At this point in the discussion, I’m not even sure if Maple Leafs defenseman Tomas Kaberle is enough to help the suddenly struggling Bruins, but I’d just as soon the deal get done so that we can all move on.

Last night’s stinker against the Leafs was the third loss in a row for the Bruins, all of a sudden tied with the Montreal Canadiens for the top spot in the Northeast Division, less than a week after their spirited fight night vs. the Habs had everybody in Boston thinking they had just watched a character-defining performance. Bring on the Cup. (Or trophy, if you will, Mr. Jacobs. A big one.)


The acquisition of Chris Kelly aside, the Bruins need help on the defensive side of the puck, and since Kaberle’s name has been mentioned more as a possible trade target than Adrian Gonzalez’s over the past few years, the assumption is he’s finally headed to Boston for…what, Blake Wheeler? Toronto’s first-round pick? The soul of Dennis Wideman?

Kaberle would help the Bruins, of course. You don’t exactly need a science degree to tell you that.

But ask yourself the simple question: Is he enough to put this team over the top?

Um…I guess?

If the price for the defenseman is giving Toronto its pick back, I’m not sure it gets done. That’s the problem sometimes with riches: everybody wants some, and they aren’t willing to settle. Meanwhile, GM Peter Chiarelli seems to sound like that draft pick is his first-born. Would he surrender it? With a draft not nearly as deep as last year’s Hall-Seguin crop, it would have to be considered, especially since you have an aging All-Star goalie and a fandom more fearing than looking forward to April, May, and…maybe June after last year’s collapse against the Flyers. The window is ajar, but only slightly. 


But whether it’s posturing or not, he doesn’t exactly sound like a guy willing to discuss it. Maybe that’s the result of an assumed slap to the forehead by president Cam Neely, who sounded none too pleased on the radio last week after learning that Chiarelli was revealing trade discussion on air. But it’s clear that he has to do something if the Bruins want to solidify themselves for the playoffs. If the season ended today, they would host the Washington Capitals in the first round of the playoffs. If they started tomorrow, it’s anyone’s guess.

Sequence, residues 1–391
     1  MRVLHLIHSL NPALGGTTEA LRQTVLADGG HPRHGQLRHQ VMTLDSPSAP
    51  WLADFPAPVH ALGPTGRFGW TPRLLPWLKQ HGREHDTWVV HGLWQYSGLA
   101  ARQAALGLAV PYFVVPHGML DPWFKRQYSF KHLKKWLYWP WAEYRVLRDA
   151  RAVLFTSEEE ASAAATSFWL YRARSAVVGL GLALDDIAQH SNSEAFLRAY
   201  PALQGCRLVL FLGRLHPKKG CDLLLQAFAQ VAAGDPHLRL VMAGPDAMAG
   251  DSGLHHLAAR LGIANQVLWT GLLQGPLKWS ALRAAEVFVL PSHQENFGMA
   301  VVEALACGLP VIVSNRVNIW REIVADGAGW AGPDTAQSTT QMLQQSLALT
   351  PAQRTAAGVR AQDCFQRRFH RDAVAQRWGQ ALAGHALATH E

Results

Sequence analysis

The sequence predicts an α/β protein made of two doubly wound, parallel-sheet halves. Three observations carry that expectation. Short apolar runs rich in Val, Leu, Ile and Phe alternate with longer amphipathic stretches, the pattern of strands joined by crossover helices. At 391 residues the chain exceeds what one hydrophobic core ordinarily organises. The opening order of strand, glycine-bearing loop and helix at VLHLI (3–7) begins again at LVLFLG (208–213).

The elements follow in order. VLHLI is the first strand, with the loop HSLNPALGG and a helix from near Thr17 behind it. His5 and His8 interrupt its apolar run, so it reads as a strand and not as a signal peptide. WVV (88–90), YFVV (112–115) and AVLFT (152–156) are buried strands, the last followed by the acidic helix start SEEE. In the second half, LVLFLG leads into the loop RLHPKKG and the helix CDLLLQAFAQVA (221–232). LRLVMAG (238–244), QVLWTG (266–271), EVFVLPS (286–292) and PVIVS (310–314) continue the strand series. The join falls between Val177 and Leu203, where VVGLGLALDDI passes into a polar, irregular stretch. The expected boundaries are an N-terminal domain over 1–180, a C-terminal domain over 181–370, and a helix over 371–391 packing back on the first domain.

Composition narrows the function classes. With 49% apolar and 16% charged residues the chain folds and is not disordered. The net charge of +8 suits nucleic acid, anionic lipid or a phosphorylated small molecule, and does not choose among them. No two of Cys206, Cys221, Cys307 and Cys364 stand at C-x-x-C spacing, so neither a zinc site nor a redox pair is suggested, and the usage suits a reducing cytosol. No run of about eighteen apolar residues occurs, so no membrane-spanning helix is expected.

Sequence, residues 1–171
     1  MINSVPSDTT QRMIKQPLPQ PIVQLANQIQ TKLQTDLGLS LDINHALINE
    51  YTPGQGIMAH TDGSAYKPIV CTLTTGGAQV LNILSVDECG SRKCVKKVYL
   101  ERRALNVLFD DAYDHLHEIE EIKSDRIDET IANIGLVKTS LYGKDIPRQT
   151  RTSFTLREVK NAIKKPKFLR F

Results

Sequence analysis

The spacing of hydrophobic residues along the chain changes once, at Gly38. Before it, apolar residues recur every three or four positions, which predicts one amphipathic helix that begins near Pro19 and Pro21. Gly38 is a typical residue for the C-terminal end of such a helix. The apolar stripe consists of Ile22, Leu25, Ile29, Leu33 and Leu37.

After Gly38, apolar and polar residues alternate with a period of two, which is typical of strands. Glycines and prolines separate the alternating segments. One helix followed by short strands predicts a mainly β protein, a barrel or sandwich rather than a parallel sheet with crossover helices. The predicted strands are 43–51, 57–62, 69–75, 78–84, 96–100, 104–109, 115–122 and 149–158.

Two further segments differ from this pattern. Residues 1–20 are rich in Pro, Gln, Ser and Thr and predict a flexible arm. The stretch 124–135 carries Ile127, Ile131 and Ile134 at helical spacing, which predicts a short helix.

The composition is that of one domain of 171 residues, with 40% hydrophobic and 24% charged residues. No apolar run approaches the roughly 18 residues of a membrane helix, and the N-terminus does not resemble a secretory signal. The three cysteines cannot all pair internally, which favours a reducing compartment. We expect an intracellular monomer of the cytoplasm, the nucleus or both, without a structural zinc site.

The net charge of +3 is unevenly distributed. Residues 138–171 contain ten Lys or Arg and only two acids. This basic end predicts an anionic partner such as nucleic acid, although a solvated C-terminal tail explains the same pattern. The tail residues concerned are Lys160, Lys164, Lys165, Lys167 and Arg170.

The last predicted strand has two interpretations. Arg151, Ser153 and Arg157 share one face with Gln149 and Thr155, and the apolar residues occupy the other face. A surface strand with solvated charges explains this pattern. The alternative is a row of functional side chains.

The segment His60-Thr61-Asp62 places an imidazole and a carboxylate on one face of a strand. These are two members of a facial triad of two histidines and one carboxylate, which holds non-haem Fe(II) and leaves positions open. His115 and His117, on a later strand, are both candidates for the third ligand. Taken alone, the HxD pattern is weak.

If Boston falls to the awful Islanders tomorrow night, they could sit as low as sixth in the Eastern Conference by week’s end. Three losses in a row aren’t reason to throw a panic switch, but that might be. The Philadelphia Flyers’ acquisition of winger Kris Versteeg for first and third-round picks on Monday does nothing to hurt their status as Eastern Conference favorites. What does Chris Kelly change for the Bruins?

Clearly, adding Kelly is an admission that the Bruins don’t trust Tyler Seguin heading into the playoffs, but whose fault is that? As a rookie during the 2008-09 season, Tampa Bay standout Steven Stamkos saw nearly 15 minutes on ice. Seguin has seen less than 10 this month, when he’s spent more time in the press box than on the bench. Taylor Hall, by the way, has seen an average of just over 18 minutes on ice this month. Yes, he’s 19, but is it fair to ask if Claude Julien is babying the kid a bit too much?


Then, there is the elephant in the rink. In case anyone hasn’t noticed, Tim Thomas has been average at best over the past 16 days or so, and with Tuukka Rask going through the sophomore slump, suddenly the Bruins’ greatest asset has become a liability. Is Thomas’ recent performance a hiccup or a trend? Depends. Thomas has surrendered 14 goals in his last three starts, and for a guy that’s going to be 37 when the playoffs start, the concern that he’s wearing down isn’t going to go away. But Rask has been so downright awful, you can’t trust him in net during a playoff push.

But is that more an indication of struggling netminders, or a defense that is breaking down?

When approached by reporters last night, after his current team beat his possible future team, Kaberle addressed the rumor that he had waived his no-trade clause. If traded, would he prefer Boston?

“I would think so. They’ve got a pretty good team, good goaltenders. I’ve played a lot of games against them and they’re always tough to beat,” he said.

Except, you know…last night.

Chiarelli wouldn’t tip his hand this morning, appearing on “Toucher and Rich” on The Sports Hub. Actually, the information he disclosed wouldn’t have tipped a coffee cup. But if Kelly is the only guy coming on board, the Bruins and Julien still may not make it out of the second round of the playoffs. Actually, that even may be optimistic.

I have no idea if Kaberle is enough to make the Bruins a Cup contender. But get used to hearing his name for the next 12 days, right up until the trading deadline. Then, maybe we’ll all do this again next year too. 

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